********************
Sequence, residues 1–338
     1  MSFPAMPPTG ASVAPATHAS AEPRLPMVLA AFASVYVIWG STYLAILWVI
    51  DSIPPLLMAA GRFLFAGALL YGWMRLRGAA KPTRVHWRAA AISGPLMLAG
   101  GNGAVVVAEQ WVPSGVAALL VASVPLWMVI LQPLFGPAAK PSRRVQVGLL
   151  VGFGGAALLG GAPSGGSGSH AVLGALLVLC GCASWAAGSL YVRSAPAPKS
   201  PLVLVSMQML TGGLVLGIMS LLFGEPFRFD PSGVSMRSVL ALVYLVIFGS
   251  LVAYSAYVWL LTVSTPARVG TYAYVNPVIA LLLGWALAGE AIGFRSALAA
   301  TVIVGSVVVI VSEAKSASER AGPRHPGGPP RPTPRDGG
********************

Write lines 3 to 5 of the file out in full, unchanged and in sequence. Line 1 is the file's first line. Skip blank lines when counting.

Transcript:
    51  DSIPPLLMAA GRFLFAGALL YGWMRLRGAA KPTRVHWRAA AISGPLMLAG
   101  GNGAVVVAEQ WVPSGVAALL VASVPLWMVI LQPLFGPAAK PSRRVQVGLL
   151  VGFGGAALLG GAPSGGSGSH AVLGALLVLC GCASWAAGSL YVRSAPAPKS